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On The Road With The Land's End Coaster


An open top bus on the road in Cornwall
The Land's End Coaster is a fun and cost-effective way to see West Cornwall

Until last week my only experience of The Land's End Coaster was reversing the car to allow it to pass on a narrow stretch of road but last week we took advantage of the glorious sunshine to hop on board and explore. At just £5 a day, it’s a fun and affordable way to see the far west. Make a day trip of it or simply use it to get out and about if you don’t want to drive. It’s also an excellent means of transport if you’re walking the South West Coast Path but aren't planning to do a circular route.

The entire loop takes almost four hours so be prepared if you're planning to stay on board for the entire time. If you’re starting in Penzance, you can pick up the bus from either the railway station or just outside the Jubilee Pool. Buses run in both directions around the circuit so if you’re not planning on doing the whole route, you can simply use it as a normal bus to reach your desired destination.


Where to stop

All of the stops have something to offer but we've listed some of our favourites below.

Although you can, of course, take the bus to St Ives and avoid the difficulty of finding a parking space, we think it makes more sense to take the scenic train route from St Erth instead and make more of a day of it.


The Merry Maidens


The Coaster takes passengers right past the Merry Maidens stone circle, just one of the hundreds of prehistoric monuments that dot the landscape of West Penwith.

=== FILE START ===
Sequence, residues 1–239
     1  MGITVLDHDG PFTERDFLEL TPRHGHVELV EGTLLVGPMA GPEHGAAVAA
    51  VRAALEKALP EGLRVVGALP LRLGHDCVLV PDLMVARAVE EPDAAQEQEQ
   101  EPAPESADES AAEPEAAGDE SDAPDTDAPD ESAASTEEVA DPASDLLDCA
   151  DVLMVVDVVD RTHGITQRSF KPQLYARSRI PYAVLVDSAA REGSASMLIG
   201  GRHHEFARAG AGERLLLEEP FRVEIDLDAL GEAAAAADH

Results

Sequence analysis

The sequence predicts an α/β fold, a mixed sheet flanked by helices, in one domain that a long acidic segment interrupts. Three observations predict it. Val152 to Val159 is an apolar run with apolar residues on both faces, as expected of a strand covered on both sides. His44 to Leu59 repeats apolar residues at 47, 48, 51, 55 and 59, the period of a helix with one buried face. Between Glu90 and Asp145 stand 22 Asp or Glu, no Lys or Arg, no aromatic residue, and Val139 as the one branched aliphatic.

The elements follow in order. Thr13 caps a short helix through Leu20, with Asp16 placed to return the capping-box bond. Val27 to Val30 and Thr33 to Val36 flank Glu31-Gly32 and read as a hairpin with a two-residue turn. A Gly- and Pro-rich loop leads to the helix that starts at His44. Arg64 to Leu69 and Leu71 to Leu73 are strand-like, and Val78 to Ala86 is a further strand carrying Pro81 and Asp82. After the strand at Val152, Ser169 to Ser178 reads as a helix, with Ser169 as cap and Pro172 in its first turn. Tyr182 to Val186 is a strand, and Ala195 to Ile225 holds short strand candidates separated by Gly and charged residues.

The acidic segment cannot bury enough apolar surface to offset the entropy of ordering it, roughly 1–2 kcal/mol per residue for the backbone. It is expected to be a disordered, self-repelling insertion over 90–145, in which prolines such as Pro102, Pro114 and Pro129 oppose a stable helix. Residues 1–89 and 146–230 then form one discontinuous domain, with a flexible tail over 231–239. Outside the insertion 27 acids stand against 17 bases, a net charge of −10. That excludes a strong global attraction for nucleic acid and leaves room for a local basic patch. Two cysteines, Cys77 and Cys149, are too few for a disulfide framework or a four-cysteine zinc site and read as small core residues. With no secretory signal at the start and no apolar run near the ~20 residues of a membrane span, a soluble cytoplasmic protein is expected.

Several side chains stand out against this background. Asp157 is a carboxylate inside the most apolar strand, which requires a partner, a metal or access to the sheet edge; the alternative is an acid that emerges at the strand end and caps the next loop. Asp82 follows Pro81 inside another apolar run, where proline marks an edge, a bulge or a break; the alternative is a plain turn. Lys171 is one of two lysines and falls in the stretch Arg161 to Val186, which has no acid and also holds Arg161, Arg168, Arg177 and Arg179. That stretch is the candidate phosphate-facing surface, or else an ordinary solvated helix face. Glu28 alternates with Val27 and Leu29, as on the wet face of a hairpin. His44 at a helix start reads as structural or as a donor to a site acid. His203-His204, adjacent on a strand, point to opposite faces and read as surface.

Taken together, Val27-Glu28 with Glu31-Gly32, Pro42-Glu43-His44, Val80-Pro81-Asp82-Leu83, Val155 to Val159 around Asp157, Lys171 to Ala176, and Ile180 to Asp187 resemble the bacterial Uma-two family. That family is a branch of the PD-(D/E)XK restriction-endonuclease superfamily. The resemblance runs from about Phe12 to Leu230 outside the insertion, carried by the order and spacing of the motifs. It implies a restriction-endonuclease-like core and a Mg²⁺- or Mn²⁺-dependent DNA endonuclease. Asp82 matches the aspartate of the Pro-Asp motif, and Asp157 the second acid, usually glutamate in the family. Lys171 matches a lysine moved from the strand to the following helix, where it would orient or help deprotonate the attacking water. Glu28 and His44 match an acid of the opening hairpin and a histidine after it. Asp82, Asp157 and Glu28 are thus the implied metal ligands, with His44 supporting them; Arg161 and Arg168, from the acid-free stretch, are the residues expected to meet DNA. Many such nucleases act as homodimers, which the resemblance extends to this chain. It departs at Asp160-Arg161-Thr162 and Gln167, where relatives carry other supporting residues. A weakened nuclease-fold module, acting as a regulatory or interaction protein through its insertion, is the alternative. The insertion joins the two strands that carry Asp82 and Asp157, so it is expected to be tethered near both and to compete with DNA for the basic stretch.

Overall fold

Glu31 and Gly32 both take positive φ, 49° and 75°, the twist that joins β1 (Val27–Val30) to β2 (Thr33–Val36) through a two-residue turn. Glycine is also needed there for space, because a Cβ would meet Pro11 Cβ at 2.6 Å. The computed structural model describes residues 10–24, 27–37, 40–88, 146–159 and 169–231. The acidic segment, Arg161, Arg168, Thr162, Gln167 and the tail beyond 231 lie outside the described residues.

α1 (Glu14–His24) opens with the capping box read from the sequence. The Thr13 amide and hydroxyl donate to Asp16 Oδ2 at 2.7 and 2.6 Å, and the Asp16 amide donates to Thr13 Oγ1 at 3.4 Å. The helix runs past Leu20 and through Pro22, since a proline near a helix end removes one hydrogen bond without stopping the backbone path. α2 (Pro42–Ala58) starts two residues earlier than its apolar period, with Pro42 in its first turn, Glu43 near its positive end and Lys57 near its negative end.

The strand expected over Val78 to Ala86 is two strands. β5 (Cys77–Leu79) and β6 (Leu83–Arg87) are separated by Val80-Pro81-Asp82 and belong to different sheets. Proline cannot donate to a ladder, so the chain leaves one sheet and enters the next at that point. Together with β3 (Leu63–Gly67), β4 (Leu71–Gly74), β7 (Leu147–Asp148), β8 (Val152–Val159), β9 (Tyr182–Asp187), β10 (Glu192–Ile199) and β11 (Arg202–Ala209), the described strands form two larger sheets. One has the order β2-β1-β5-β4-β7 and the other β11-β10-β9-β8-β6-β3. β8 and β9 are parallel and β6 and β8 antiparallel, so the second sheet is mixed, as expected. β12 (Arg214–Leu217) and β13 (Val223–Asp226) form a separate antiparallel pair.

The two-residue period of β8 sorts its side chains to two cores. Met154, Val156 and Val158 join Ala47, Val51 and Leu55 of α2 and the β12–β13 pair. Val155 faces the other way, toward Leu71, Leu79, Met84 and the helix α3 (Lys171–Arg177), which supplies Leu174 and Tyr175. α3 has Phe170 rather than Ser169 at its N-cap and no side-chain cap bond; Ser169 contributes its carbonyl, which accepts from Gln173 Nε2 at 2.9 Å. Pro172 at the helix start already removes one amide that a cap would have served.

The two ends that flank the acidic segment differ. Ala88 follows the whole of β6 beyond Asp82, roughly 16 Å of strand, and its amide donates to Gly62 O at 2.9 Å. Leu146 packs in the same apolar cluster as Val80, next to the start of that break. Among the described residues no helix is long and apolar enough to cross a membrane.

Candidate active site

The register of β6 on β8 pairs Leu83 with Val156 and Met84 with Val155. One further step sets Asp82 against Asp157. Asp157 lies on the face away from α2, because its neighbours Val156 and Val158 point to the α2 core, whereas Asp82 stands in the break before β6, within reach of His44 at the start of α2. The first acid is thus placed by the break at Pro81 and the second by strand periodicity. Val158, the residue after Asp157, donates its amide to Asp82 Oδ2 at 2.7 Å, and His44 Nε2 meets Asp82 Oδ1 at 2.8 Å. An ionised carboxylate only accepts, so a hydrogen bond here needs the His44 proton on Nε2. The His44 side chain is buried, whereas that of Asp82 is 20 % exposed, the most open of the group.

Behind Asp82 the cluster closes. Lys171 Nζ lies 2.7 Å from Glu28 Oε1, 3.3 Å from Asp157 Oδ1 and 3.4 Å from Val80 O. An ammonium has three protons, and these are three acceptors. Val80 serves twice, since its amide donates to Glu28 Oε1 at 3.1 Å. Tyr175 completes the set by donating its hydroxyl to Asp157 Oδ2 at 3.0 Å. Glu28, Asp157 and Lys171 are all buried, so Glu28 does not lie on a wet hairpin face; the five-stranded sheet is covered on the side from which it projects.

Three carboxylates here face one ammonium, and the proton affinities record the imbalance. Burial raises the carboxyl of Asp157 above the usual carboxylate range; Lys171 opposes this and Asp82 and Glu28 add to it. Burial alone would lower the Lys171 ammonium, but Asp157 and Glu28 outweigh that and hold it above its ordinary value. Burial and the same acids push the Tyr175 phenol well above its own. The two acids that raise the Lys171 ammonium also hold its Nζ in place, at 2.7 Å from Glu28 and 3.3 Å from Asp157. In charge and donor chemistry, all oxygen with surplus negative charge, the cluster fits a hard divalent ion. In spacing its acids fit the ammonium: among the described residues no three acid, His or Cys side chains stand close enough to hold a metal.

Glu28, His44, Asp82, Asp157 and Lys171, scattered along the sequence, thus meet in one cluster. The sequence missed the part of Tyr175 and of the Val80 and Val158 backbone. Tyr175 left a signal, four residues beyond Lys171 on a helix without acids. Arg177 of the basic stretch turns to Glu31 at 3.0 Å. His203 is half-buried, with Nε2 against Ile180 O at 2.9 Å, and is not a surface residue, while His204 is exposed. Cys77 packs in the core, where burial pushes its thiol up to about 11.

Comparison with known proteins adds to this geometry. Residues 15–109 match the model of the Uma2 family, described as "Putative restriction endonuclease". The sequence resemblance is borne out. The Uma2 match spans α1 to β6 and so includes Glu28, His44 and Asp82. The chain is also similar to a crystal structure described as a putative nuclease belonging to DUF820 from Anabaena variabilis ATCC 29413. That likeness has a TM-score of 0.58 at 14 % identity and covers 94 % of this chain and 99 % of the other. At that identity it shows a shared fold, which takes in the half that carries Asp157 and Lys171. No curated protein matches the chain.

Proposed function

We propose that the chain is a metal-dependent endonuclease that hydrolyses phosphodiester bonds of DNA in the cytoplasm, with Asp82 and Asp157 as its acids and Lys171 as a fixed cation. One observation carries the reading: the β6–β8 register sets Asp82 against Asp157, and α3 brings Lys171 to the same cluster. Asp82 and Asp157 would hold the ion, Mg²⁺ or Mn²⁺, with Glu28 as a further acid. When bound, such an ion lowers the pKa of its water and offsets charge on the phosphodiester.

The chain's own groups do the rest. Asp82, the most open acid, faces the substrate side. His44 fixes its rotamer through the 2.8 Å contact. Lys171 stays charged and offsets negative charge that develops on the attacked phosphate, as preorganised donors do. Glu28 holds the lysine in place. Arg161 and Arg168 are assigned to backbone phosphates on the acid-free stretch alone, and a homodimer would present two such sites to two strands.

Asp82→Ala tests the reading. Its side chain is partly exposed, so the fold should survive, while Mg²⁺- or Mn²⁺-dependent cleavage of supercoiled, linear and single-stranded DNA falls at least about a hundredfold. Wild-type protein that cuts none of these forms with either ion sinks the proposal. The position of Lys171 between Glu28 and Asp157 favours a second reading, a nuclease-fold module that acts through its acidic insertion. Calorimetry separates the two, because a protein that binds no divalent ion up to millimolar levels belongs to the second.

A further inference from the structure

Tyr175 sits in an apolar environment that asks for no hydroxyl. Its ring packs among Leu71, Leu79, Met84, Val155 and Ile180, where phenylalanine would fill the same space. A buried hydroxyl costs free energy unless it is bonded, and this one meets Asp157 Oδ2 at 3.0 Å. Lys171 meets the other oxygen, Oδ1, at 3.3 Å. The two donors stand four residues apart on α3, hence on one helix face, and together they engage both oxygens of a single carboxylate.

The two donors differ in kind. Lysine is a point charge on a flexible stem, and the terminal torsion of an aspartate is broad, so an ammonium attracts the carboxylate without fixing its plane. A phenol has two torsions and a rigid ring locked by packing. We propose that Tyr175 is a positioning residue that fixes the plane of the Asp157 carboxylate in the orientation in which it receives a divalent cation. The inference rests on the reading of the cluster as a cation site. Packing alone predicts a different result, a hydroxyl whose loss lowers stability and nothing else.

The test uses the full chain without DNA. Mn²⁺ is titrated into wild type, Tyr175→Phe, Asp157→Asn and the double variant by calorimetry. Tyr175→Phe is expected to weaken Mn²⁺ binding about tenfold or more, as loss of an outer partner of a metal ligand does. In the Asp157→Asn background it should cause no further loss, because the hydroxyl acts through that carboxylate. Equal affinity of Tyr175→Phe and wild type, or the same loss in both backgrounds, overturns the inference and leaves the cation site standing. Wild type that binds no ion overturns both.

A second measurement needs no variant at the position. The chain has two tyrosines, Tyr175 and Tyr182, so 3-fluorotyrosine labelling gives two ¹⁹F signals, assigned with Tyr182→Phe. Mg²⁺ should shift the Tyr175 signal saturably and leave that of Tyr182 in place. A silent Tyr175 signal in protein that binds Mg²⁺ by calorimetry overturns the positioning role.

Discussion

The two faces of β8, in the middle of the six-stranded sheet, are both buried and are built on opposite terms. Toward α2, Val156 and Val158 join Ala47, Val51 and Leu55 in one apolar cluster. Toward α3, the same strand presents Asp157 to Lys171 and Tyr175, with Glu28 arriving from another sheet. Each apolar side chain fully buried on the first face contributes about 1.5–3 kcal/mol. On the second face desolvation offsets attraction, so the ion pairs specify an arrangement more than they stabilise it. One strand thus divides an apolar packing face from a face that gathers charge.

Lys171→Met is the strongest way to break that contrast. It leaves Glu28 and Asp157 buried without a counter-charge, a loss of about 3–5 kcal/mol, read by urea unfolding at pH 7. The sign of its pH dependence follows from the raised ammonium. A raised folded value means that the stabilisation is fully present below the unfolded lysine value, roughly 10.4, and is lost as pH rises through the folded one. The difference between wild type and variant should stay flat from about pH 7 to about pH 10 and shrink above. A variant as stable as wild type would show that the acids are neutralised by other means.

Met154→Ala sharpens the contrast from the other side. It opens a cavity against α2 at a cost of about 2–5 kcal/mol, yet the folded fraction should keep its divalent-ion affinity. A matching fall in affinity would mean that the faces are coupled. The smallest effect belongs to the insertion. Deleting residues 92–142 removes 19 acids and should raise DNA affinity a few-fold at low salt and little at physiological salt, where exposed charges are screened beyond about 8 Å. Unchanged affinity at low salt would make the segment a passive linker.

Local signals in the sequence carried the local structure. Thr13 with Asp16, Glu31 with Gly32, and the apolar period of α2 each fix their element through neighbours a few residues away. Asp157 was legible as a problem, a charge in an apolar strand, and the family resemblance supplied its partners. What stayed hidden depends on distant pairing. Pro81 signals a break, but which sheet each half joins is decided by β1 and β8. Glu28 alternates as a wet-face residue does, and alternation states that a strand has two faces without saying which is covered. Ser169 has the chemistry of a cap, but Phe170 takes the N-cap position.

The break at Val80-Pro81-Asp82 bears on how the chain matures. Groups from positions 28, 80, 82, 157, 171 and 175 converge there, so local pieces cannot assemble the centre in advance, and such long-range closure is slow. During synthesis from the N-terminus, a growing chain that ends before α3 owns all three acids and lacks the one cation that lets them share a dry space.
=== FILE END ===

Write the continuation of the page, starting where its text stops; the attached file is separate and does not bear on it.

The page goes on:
If you fancy a walk then head across the fields to Lamorna Cove, once the home of the celebrated Lamorna School of artists.


Porthcurno


This beautiful bay is home to the spectacular Minack Theatre, carved out of the cliffs high above the ocean. You can visit the theatre even if you’re not taking in a show and learn about Rowena Cade, the remarkable woman behind its creation.


Porthcurno is the spot where the transatlantic telegraph cables came ashore the PK Telegraph Museum is also worth a visit.

The stretch of coastline between Portcurno and Treen is lovely for walking. It includes the famous Logan’s Rock, the beautiful Pedn Vounder beach and the pretty fishing village of Penberth. It’s not a long walk but the Coaster makes it easy to do the route in just one direction.


Levant and Geevor Tin Mines

Cornwall has a rich history of mining and this stretch of coastline is known as The Tin coast. At Levant, you can see the restored 1840s beam engine which runs on steam. Walk along the cliffs to Geevor, the last surviving complete example of a 20th century tin mine. Kids in particular will enjoy the opportunity to go underground and experience what life was like for miners.


Zennor and the north coast

With rugged cliffs and the crashing Atlantic Ocean, this is one of the most dramatic stretches of coastline. Get off near The Gurnard’s head and walk the coast path to Zennor where you can enjoy lunch at The Tinner’s Arms or an ice cream at Moomaid. Don't miss the medieval church, with its famous carving of the legendary Zennor Mermaid,

The Leach Pottery

The bus stops right outside The Leach Pottery. Founded just over a century ago by Bernard Leach and Shoji Hamada, it’s the home of studio pottery in the UK. As well as the museum, gallery and shop, there are workshops for children throughout the school holidays.

Tips for making the most of your trip

  • If you’re sitting outside make sure you’re prepared for all weathers. It can get very chilly even on a warm day so take plenty of layers. It’s pretty exposed up there, too, so don’t forget sunscreen and a hat.

  • There's no toilet on board so you may need to plan loo breaks.

  • If you’re doing the entire trip without stops, it takes just over four hours so you may want to take a drink and a snack.

  • There’s no commentary and, if you don’t know the area, we recommend taking a map so you can work out exactly where you are.






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